Randy Kopp, an employee of Idearc, Inc., and a participant in the Idearc Management Plan, brought an ERISA class action against various members of Idearc’s board of directors and Idearc’s officers, the Plan Benefits Committee and the Human Resources Committee (“Idearc Defendants”). Among other claims, Kopp alleged that the Idearc Defendants breached their fiduciary duties by allowing plan participants to buy and hold Idearc stock when it was no longer prudent to do so.

The District Court for the Northern District of Texas dismissed the action for failure to state a claim. Civil Action No. 3:09-CV-2354-N.

On appeal, the Fifth Circuit joined the Second, Third, Seventh, and Eleventh Circuits in holding that the presumption of prudence applies at the motion to dismiss stage. The Fifth Circuit rejected Kopp’s contention that doing so would violate the notice pleading requirements of Fed. R. Civ. P. 8, finding “[t]here is no reason to permit a case to proceed to discovery where the facts, even if proven true, would not establish that defendants abused their discretion in failing to divest employer stock.” Kopp v. Klein, No. 12-10416, 2013 WL 3449866, at *9 (5th Cir. July 9, 2013).

Applying the presumption of prudence, the Fifth Circuit focused on whether Kopp alleged sufficient facts to show that the Idearc Defendants knew or should have known that the viability of Idearc was threatened or Idearc’s stock was in danger of becoming worthless. It found that “regardless of whether the Idearc Defendants had discretion to cease permitting new Fund investments in Idearc stock or liquidate Fund investments in Idearc stock, the ‘presumption of prudence’ applies at the motion to dismiss stage, and Kopp failed to allege sufficient facts to over come the presumption.” Id. at *5.

Significantly, the Fifth Circuit rejected a duty to divest based on non-public information. It noted that such a duty might violate securities laws. However, the Fifth Circuit stated that “[w]hile individuals with access to inside information may not trade on that information, ceasing making new investments in stock because of access to inside information is not barred by insider trading laws.” Id. at *10. Thus, the Fifth Circuit proceeded to analyze Idearc’s duties separately: (1) First, considering both public and nonpublic information, did the Idearc Defendants have a duty to cease allowing plan investments in Idearc stock?; (2) Second, considering only public information, did Idearc Defendants have a duty to liquidate fund investments in Idearc stock?

Kopp alleged that the Idearc Defendants knew about Idearc’s declining customer base, mounting uncollectible receivables, lack of financial flexibility, false financial statements, loosened credit policies, reduced account collection workforce, and a stock drop of 36% over three months.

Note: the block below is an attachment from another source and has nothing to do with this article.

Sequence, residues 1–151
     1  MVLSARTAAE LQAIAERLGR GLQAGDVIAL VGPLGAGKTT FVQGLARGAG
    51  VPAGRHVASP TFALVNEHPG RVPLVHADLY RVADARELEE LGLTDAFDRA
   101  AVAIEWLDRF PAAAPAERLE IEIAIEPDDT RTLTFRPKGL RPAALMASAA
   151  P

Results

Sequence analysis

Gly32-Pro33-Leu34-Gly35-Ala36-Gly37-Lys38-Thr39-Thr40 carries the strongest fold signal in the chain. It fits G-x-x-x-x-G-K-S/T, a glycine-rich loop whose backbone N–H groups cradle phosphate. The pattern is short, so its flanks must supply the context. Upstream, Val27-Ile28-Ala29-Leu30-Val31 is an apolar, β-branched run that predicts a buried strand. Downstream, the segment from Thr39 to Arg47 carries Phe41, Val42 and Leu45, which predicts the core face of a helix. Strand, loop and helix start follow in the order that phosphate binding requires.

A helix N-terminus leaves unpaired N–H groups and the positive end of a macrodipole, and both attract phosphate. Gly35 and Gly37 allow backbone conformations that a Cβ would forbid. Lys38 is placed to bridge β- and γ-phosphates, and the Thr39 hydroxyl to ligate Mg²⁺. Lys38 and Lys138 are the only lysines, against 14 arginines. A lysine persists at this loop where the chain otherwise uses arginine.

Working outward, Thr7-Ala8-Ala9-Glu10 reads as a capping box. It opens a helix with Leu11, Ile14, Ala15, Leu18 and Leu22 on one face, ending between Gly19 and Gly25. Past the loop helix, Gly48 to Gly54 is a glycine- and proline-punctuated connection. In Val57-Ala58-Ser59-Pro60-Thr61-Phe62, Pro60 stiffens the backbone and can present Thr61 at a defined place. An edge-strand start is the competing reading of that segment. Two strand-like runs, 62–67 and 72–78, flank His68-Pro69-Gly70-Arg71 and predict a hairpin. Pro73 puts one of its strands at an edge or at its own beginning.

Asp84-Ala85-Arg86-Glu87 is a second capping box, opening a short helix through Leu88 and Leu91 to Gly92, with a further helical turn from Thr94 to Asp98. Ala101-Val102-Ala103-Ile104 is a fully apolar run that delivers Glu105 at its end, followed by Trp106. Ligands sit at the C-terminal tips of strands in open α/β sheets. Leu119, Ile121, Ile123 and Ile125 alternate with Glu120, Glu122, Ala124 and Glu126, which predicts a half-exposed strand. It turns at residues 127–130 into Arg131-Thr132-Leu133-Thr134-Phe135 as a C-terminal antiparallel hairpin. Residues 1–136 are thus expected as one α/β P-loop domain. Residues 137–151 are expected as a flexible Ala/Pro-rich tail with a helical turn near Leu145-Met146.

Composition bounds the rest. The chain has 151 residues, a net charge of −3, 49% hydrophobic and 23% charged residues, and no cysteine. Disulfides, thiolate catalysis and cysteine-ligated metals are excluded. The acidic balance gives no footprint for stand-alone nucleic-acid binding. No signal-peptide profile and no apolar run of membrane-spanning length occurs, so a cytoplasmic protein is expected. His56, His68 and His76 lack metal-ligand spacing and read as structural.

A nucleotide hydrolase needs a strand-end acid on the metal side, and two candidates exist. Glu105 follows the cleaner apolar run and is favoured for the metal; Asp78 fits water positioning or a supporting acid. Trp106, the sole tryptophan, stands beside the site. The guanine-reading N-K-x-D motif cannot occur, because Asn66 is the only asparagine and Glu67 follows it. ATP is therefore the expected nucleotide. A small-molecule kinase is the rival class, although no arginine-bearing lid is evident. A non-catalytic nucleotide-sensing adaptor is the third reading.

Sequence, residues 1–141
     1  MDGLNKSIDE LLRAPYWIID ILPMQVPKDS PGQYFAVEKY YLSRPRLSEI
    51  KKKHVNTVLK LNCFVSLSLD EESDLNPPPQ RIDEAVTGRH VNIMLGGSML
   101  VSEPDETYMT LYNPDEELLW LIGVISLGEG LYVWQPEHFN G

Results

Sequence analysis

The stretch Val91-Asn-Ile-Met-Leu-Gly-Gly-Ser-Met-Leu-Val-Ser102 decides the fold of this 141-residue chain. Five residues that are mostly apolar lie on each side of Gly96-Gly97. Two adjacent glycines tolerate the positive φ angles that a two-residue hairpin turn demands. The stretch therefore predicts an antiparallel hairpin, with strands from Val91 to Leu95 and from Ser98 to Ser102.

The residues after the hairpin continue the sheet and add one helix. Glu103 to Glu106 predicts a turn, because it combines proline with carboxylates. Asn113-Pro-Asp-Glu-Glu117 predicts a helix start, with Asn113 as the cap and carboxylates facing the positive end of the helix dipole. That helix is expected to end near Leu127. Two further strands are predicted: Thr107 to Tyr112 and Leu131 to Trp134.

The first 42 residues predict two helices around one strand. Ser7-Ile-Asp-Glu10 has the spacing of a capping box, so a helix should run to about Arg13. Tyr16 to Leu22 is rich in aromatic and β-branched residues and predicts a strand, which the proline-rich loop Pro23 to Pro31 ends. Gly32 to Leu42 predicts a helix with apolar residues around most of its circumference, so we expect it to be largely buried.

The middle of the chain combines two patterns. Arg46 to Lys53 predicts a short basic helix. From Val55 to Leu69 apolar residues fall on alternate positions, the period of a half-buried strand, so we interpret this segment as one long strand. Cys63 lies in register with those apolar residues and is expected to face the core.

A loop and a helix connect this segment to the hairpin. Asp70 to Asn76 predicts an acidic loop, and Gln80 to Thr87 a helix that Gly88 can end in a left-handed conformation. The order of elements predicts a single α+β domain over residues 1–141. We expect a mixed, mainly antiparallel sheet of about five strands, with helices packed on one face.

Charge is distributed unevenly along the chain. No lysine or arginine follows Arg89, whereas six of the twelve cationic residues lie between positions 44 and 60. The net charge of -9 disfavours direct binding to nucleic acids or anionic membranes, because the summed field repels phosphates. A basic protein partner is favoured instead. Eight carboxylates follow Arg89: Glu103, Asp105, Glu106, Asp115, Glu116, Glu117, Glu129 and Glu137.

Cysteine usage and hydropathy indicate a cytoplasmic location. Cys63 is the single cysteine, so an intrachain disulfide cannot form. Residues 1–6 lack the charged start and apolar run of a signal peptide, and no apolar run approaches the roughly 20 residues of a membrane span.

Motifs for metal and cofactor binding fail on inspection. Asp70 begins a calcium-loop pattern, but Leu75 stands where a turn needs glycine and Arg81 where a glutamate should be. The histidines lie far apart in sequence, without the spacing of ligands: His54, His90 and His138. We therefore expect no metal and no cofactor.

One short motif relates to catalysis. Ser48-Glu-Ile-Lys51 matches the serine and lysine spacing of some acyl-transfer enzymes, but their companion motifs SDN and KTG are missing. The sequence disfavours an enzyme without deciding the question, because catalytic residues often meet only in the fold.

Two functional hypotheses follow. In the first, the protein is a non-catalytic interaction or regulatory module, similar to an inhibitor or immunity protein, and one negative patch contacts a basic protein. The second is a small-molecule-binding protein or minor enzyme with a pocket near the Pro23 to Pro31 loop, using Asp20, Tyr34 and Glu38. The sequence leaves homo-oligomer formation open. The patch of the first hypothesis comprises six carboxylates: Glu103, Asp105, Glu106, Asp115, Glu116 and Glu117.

The Fifth Circuit found that “while the facts Kopp pleaded [including non-public information] suffice to show the Idearc Defendants were aware Idearc faced serious financial difficulties, the facts, if proven, would not show that the Idearc Defendants were aware Idearc’s stock was in danger of becoming essentially worthless or Idearc’s viability as a company was threatened, at least prior to the time that the Idearc Defendants ceased offering Idearc stock as an investment option under the Plan.” Id.

The Fifth Circuit also held that, “at least based on the public information available during the Class Period, Kopp did not allege sufficient facts to overcome the presumption that the Idearc Defendants acted prudently by choosing not to liquidate Fund investments in Idearc stock.” Id. at *11. Thus, the Fifth Circuit rejected Kopp’s prudence claim and affirmed the District Court’s dismissal of the action under Fed. R. Civ. P. 12(b)(6).

In adopting the presumption of prudence at the pleading stage, the Fifth Circuit has joined the majority position. Thus far, only the Sixth Circuit has set itself apart by affirmatively rejecting the presumption of prudence as a standard that may be applied at the pleading stage. See, e.g.,
Pfeil v. State Street Bank & Trust Co., 671 F.3d 585 (6th Cir. 2012); Griffin v. Flagstar Bancorp, Inc., 492 F. App’x 598 (6th Cir. 2012).

The case is Kopp v. Klein, No. 12-10416, 2013 WL 3449866 (5th Cir. July 9, 2013).